Conservation Actions Underway
This species is known from the following protected areas: Ambatovaky Special Reserve, Andohahela National Park, Anjanaharibe-South Special Reserve, Ankeniheny Classified Forest, Haute Rantabe Classified Forest, Marojejy National Park and Zahamena National Park (ZICOMA 1999), and Tsitongambarika eastern rain forest (M. Rabenandrasana in litt. 2007). Conservation Actions Proposed
Locate other populations. Establish its habitat requirements and other factors limiting its distribution/population, in order to better predict its likely distribution and population size. Conduct regular surveys to monitor population trends. Monitor rates of forest clearance and degradation within the species's range. Improve protection of lowland forest on the east coast through community conservation and management of protected areas.

Collar, N. J.; Stuart, S. N. 1985. Threatened birds of Africa and related islands: the ICBP/IUCN Red Data Book. International Council for Bird Preservation, and International Union for Conservation of Nature and Natural Resources, Cambridge, U.K.

Du Puy, D. J.; Moat, J. 1996. A refined classification of the primary vegetation of Madagascar based on the underlying geology: using GIS to map its distribution and to assess its conservation status. In: Lourenço, W.R. (ed.), Proceedings of the International Symposium on the biogeography of Madagascar, pp. 205-218. ORSTOM, Paris.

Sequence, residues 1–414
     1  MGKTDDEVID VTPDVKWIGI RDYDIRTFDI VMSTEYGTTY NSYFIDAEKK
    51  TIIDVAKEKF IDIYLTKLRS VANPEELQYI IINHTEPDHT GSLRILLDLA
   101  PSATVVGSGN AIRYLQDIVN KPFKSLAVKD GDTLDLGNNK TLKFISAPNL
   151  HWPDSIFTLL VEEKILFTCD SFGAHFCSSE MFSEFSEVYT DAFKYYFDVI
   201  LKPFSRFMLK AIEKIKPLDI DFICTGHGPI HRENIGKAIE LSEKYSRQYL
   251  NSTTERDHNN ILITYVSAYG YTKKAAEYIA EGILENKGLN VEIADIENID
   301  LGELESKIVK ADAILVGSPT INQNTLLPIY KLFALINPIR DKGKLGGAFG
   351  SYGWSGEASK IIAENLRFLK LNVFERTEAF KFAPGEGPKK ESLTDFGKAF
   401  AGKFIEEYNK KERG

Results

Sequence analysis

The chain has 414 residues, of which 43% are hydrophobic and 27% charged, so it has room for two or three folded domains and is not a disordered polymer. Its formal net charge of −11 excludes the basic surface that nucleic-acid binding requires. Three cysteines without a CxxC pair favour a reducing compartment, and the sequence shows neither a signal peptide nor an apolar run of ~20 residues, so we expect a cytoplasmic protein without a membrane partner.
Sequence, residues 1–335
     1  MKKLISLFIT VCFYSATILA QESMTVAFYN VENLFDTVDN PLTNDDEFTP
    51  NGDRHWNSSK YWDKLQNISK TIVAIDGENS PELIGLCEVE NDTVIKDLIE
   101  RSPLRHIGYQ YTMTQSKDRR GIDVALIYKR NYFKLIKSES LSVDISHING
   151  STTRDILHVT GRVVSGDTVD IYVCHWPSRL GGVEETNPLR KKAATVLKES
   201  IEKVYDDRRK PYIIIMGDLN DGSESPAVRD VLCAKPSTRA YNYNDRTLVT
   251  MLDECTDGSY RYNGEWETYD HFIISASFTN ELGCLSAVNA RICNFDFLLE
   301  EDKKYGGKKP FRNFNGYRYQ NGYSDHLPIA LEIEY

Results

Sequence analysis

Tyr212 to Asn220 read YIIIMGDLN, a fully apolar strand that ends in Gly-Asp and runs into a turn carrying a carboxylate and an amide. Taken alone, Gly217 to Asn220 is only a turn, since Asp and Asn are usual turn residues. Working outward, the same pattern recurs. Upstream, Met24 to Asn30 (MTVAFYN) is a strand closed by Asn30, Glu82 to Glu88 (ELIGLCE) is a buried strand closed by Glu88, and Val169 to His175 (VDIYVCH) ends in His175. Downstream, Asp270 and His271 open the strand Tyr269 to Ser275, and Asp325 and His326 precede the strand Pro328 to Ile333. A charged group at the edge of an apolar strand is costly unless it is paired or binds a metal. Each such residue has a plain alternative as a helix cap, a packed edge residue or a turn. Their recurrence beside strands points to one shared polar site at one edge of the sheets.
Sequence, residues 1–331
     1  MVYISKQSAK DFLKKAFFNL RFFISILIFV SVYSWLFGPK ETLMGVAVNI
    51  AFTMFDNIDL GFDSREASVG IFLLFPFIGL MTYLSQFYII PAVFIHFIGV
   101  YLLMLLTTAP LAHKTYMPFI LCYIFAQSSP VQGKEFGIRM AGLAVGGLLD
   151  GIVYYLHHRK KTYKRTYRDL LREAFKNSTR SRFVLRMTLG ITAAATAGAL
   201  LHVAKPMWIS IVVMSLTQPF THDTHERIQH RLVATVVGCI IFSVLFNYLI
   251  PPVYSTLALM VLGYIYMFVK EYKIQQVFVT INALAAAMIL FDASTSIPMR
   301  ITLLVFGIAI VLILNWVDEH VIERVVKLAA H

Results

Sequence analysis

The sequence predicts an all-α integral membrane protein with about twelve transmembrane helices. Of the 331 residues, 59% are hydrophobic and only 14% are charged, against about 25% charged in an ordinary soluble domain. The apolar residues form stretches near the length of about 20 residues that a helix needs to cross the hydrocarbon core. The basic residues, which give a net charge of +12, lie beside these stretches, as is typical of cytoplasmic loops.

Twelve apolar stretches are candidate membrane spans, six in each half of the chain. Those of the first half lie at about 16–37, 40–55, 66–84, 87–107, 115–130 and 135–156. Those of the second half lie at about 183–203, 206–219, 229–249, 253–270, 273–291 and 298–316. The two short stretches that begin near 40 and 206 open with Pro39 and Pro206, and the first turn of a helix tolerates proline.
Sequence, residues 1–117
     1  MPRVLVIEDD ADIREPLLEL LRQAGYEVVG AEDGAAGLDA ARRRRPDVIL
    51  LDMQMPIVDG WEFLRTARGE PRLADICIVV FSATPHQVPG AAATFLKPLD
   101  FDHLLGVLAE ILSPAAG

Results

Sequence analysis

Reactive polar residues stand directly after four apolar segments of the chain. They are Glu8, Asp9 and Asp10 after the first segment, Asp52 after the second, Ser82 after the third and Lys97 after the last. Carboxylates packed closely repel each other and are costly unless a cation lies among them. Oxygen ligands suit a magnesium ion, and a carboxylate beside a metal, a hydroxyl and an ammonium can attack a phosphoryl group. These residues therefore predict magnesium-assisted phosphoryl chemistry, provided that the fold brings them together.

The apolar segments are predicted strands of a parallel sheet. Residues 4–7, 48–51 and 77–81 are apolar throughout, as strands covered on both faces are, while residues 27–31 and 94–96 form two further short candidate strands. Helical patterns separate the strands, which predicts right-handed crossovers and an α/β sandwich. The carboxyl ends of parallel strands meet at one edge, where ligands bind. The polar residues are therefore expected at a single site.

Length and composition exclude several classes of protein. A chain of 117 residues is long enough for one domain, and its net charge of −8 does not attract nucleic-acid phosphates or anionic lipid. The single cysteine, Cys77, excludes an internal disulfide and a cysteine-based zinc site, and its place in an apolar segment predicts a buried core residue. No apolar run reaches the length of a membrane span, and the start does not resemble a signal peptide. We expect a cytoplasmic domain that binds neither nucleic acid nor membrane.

Jenkins, M. D. 1987. Madagascar: an environmental profile. International Union for Conservation of Nature and Natural Resources, Cambridge, U.K.

Morris, P.; Hawkins, F. 1998. Birds of Madagascar: a photographic guide. Pica Press, Robertsbridge, UK.

ZICOMA. 1999. Zones d'Importance pour la Conservation des Oiseaux a Madagascar.

Further web sources of information
Explore HBW Alive for further information on this species

Search for photos and videos, and hear sounds of this species from the Internet Bird Collection

Text account compilers
Benstead, P., Ekstrom, J., Evans, M., Shutes, S., Starkey, M., Symes, A., Taylor, J.

Hawkins, F., Rabenandrasana, M.

IUCN Red List evaluators
Butchart, S., Taylor, J.

Recommended citation
BirdLife International (2016) Species factsheet: Newtonia fanovanae. Downloaded from on 21/10/2016. Recommended citation for factsheets for more than one species: BirdLife International (2016) IUCN Red List for birds. Downloaded from on 21/10/2016.

This information is based upon, and updates, the information published in BirdLife International (2000) Threatened birds of the world. Barcelona and Cambridge, UK: Lynx Edicions and BirdLife International, BirdLife International (2004) Threatened birds of the world 2004 CD-ROM and BirdLife International (2008) Threatened birds of the world 2008 CD-ROM. These sources provide the information for species accounts for the birds on the IUCN Red List.

To provide new information to update this factsheet or to correct any errors, please email BirdLife

To contribute to discussions on the evaluation of the IUCN Red List status of Globally Threatened Birds, please visit BirdLife's Globally Threatened Bird Forums.

Additional resources for this species

ARKive species - Red-tailed newtonia (Newtonia fanovanae) 0

Key facts
Current IUCN Red List category Vulnerable
Family Vangidae (Vangas)
Species name author Gyldenstolpe, 1933
Population size 2500-9999 mature individuals
Population trend Decreasing
Distribution size (breeding/resident) 84,100 km2
Country endemic? Yes
Links to further information
- Additional Information on this species